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Clothing with a Conscience: Ethical Clothes Shopping

I want to tell you a little bit about Toad&Co, an ethical women’s clothing company I love. But first, let me tell you a little bit about how I have changed the way I buy clothes over the last decade.

First, I love clothes and fashion. However, in the last decade or so, I have become increasingly aware how the clothes sold in the United States are made, and it’s not all good.

If you look at the labels on a lot of your clothing, you will see that they are made in China or Bangladesh or some other such country, usually not the United States.

While there is nothing wrong per se with U.S. clothing companies outsourcing their work to other countries, sometimes such companies disrupt indigenous, community-based businesses and put local business-owners out of a job. Workers then have no place to work but these U.S.-based companies which sometimes force workers to work long hours, in dangerous conditions, for very low wages (because these countries often do not have minimum wage or safe business laws.)

As a result these U.S. clothing companies become very wealthy, and people in the U.S. buy fairly cheap clothes. But this is often at the expense of people in other countries who suffer very poor working conditions. (You can read more about these problems here in this article from Forbes: The Not-So-Hidden Ethical Costs of Fast Fashion.)

In addition, many clothing companies do not have any clear commitment to the environment. Because of this, their clothing production often contributes to pollution or resource depletion. Our well-being is tied to the planet’s well-being. Destroying the earth to make ourselves cheap clothes is dumb and ultimately self-destructive.

When I first became aware of such issues over a decade ago, the reality of it all was a little overwhelming

I realized that many of the most popular and common clothing brands (brands I liked and often wore) are caught up in these bad clothing practices. Finding alternatives seemed overwhelming. But I am committed to doing better in this area because I don’t want people in other countries or the environment to suffer just so that I can wear cheap clothes.

So here are some changes I have tried to make in my own clothing practices:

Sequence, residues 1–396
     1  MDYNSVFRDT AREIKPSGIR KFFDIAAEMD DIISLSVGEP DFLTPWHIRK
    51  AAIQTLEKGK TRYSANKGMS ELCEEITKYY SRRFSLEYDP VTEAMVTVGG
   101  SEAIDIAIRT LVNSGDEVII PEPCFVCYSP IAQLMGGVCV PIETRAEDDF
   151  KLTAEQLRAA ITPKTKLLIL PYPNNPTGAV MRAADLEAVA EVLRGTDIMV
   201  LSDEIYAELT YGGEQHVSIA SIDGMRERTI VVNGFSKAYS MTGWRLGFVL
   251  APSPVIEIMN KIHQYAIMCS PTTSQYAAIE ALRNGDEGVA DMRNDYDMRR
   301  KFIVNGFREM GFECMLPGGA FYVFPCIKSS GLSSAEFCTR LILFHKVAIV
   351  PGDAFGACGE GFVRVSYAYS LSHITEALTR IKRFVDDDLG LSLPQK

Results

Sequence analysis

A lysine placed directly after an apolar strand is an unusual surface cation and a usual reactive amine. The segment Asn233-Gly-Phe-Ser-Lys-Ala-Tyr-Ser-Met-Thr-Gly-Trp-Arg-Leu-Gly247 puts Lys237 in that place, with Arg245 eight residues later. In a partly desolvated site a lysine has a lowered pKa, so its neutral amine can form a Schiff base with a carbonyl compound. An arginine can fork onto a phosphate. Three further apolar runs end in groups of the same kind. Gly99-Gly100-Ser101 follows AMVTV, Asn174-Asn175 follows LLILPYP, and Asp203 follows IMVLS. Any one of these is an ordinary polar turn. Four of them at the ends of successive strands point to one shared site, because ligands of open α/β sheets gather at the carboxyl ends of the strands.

One: I try to simplify.

Owning hundreds of clothing items is not going to make me happier. So, I try to focus on having a wardrobe that is simple, aesthetically pleasing to me, and that lets me live a life filled with a lot of adventure. When I simplify, it lets me focus on purchasing fewer well-made ethical clothing items. That’s much better for me than purchasing a bunch of not-so-well made unethical items. (See #3).

Two: I buy used or consigned when I can.

I have several second-hand and consignment shops near me. In the last few years, I have been amazed at how many good, brand-name clothes I can find cheaply at these stores. Some of these brand-named clothes are good quality clothes that last a long time but are made in less-than-ideal working conditions. When I can find them second-hand, it’s great because I purchase clothes that would otherwise go in a landfill. And they last me a long time. And because I save money, I can then focus on buying other clothes I need from more ethically and environmentally-conscious companies (see #3).

Three:  I buy clothes from ethical and environmentally-conscious companies when I can.

There are more and more ethical clothing companies out there. Such businesses try to run their business in an ethical way that is good for both the environment and for people. I am trying to find as many of these clothing companies as I can and purchase their products as much as possible.

They can be more expensive, and I don’t always have money to buy a lot of these kinds of clothes all at once. However, such clothes often last longer than cheaper clothes. And they are more beautifully made. I also look at them as an investment in the earth and in people, as well as my wardrobe.

That is a great use of money.

I cannot follow these principles all the time, and I don’t shame myself when I cannot do so. But I am able to follow the practices above more consistently these days. So, I feel like I am headed in a good direction overall.

To that end, let me tell you about Toad&Co. It’s one of my favorite women’s clothing companies.

Toad&Co’s tagline is “Clothing with a Conscience”. The company is committed to several important environmental and social good initiatives. You can read more about them and find their business here: Toad&Co.

I love their clothing. It is beautifully and sustainably made and lasts for a long time. I have five year old skirts and shirts from them that I wear constantly, including for long walks and hikes. They are still going strong.

This is a recent dress I purchased from them. It’s their Cue Wrap Short Sleeve Dress.

I love it. I can wear it to work or for a walk in the park. And I can also wear it to lounge around the house. You can easily dress it down or up with sweaters or jackets. And you can wear it in the summer by itself or in the winter with a jacket or sweater.

I also love that the long belt can be tied in several different styles for variety.

If this dress is anything like the skirts I have purchased from Toad&Co, it will last me a good five to ten years.

The older I get, the more I want to make sure that the companies I invest in share the same kind of ethical goals I do. Toad&Co absolutely does. And that’s why they will be getting my business in the future. Maybe you will want to give them your business, too.


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